Mariner High School students continue to shine in AP testing
Mariner High School students continued to shine in the Advanced Placement courses last year showing improved test scores.
Mariner High School Assistant Principal Kimberly Verblaauw said last year Mariner High School had 309 students take 566 AP exams, which is the most AP students and exams taken in five years.
The scores have also increased from the previous year for students who received three points or higher on their test, which is needed to pass. The students who earned a passing score or higher increased from 39.9 percent in 2009-2010 to 48.5 percent during the 2010-2011 school year.
Verblaauw said last year they had two students pass the AP biology test without taking the course. She said the students studied with a biology teacher before they took the exam.
“One of the students was a freshman,” she said, “which is pretty awesome.”
Although students do not have to take the AP course to take the test, Verblaauw said it is very rare when a student decides to do it that way.
Awards were presented to Mariner High students for their accomplishments last year on their test scores. Twenty-two students earned an AP Scholar award, while Aleksander Ferlazzo earned an AP Scholar with Distinction award.
Ferlazzo was honored after earning an average AP score of 3.5 out of 5.0 on all exams taken, along with earning scores of three or higher on five or more exams.
There are many factors Verblaauw believes contributes to the student success rate, which includes block scheduling.
“The students can go deeper into conversation and questioning in an 88-minute block,” she said. “When you are really trying to get the kids to answer the questions and guide them, you can get into more discussions and debate as far as AP and higher level of questioning goes.”
A survey was given to staff and students to determine if they want to keep block scheduling for this year, which they preferred, so it will continue to be implemented again for the 2011-2012 school year.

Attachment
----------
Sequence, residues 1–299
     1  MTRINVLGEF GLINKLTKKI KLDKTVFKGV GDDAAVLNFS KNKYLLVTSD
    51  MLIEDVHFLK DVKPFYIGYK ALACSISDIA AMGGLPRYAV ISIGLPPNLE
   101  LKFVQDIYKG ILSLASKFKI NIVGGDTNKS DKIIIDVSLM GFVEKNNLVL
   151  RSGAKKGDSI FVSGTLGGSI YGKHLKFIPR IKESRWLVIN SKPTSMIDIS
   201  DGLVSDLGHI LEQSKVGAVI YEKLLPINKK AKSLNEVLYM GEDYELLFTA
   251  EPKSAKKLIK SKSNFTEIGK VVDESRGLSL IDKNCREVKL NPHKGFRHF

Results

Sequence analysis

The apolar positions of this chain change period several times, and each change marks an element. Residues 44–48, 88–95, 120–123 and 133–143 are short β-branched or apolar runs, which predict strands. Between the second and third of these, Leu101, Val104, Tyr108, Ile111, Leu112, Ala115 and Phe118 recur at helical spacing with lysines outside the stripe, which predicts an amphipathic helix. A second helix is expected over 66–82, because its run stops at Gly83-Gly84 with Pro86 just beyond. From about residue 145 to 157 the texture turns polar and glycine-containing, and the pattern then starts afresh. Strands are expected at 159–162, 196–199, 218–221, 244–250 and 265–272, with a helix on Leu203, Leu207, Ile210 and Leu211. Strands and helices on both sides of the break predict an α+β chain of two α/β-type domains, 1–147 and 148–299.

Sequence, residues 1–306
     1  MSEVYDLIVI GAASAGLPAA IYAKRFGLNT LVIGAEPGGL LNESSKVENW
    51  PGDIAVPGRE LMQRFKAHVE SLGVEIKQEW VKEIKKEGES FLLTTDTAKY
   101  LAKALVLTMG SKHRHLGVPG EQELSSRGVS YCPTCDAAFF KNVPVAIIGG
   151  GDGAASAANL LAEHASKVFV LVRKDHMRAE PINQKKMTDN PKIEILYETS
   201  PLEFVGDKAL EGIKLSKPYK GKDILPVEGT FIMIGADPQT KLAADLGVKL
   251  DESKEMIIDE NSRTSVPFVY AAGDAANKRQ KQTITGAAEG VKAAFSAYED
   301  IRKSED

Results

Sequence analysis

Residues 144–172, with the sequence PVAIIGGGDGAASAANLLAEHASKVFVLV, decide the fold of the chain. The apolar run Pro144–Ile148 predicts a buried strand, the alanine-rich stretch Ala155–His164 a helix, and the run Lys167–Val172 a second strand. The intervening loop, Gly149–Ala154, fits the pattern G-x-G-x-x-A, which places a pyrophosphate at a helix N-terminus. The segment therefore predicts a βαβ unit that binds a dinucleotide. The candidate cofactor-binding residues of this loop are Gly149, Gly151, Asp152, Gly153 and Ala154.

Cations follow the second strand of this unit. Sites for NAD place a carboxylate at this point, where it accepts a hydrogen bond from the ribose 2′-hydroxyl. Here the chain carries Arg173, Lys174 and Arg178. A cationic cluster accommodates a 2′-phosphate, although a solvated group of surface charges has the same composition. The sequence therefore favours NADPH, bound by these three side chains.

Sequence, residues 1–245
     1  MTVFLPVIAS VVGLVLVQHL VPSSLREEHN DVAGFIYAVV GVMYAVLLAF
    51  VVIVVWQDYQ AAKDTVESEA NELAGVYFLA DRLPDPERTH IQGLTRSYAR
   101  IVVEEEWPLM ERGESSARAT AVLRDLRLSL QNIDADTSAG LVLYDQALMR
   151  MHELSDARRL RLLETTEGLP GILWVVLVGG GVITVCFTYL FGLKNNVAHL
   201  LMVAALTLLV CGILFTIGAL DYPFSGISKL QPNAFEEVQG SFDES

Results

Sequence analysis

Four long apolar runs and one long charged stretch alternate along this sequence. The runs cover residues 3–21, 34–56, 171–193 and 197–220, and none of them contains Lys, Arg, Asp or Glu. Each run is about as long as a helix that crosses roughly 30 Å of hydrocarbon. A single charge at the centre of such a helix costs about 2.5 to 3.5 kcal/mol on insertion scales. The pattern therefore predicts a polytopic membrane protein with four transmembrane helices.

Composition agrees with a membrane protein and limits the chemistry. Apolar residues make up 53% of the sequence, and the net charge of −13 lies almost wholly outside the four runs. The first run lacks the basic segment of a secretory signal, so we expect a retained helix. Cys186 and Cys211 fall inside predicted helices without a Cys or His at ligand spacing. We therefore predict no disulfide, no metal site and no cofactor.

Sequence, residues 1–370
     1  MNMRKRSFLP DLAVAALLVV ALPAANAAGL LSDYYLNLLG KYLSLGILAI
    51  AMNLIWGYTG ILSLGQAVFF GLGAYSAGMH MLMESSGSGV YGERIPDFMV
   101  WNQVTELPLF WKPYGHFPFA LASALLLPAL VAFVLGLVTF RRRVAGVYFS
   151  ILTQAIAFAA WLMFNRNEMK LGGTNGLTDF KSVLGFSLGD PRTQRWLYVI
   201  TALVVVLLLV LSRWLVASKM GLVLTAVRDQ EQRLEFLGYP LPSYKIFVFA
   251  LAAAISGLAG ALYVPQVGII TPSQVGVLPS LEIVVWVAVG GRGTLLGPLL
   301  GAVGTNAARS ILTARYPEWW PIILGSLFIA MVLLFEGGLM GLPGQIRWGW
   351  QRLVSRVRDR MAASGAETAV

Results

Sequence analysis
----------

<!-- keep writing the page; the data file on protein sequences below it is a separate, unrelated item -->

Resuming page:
Another area that contributes to the students’ success rate includes the training teachers receive for AP courses.
Verblaauw said AP teachers have received an ample amount of training that has benefited the students learning.
“The AP training is phenomenal,” she said.
AP teachers were paired up with other teachers in the district, Verblaauw said, who had better success rates, which gave teachers new insight into what to apply in their classrooms to help the students.
“Finding the teacher that understands AP and understands the rigor of AP is helpful,” she said.
The number of courses Verblaauw said also helps the success rate for students.
“It opens the doors for kids that are ready for the academic rigor (courses),” she said.
Last year Mariner High School offered 18 AP courses to its students, which included AP chemistry as a new course. This year the school will be adding the course AP physics, which again increased the number of courses students have to choose from.
One of Mariner High School’s AP course strengths is world history.
Verblaauw said out of the 26 students who took the exam, 20 passed it last year. The average test score from the 26 students was a 3.35, which was higher than the Florida average of 2.14 and the national average at 2.57.
Last year, the students who took the world history course wrote 70 essays as sophomores, which Verblaauw said improved their passing rate on the exam.
Another AP course favorite is studio arts. She said out of the 29 students who took the exam, 28 passed.
AP Spanish language and psychology are also strong subject areas at Mariner High.
Verblaauw said the nice thing about the AP program is even if students do not pass the exam, they are still being exposed to AP level courses that will help prepare them for college courses.
“It helps them be more prepared for college,” she said. “It is an important part of AP.”
Verblaauw said they do not believe in holding back students who want to try the college level course. Even if the student receives a two on their test, she said the likelihood of success for them in a college course increases.
Every year a syllabus has to be submitted to the College Board for approval for the upcoming school year.
Verblaauw said teachers who taught the same AP subjects in the district got together to work on the syllabus this year.
“That is extremely beneficial,” she said because you have more teachers working together to create the syllabus.
Verblaauw said they will now look at AP scores as a district to see which teachers had a high success rate.
Teachers can “share their best practices of what they are doing in the classroom to get that pass rate,” she said.
Freshman, sophomore, junior and senior students have selected 797 various AP courses to take for the upcoming school year that begins on Aug. 8. Verblaauw said that number includes students who are taking multiple AP classes.
She said the majority of the AP courses requires the completion of a summer assignment that is due on the first day of school.
“When you set high expectations, they rise to the occasion,” Verblaauw said about the students, “which is awesome to see.”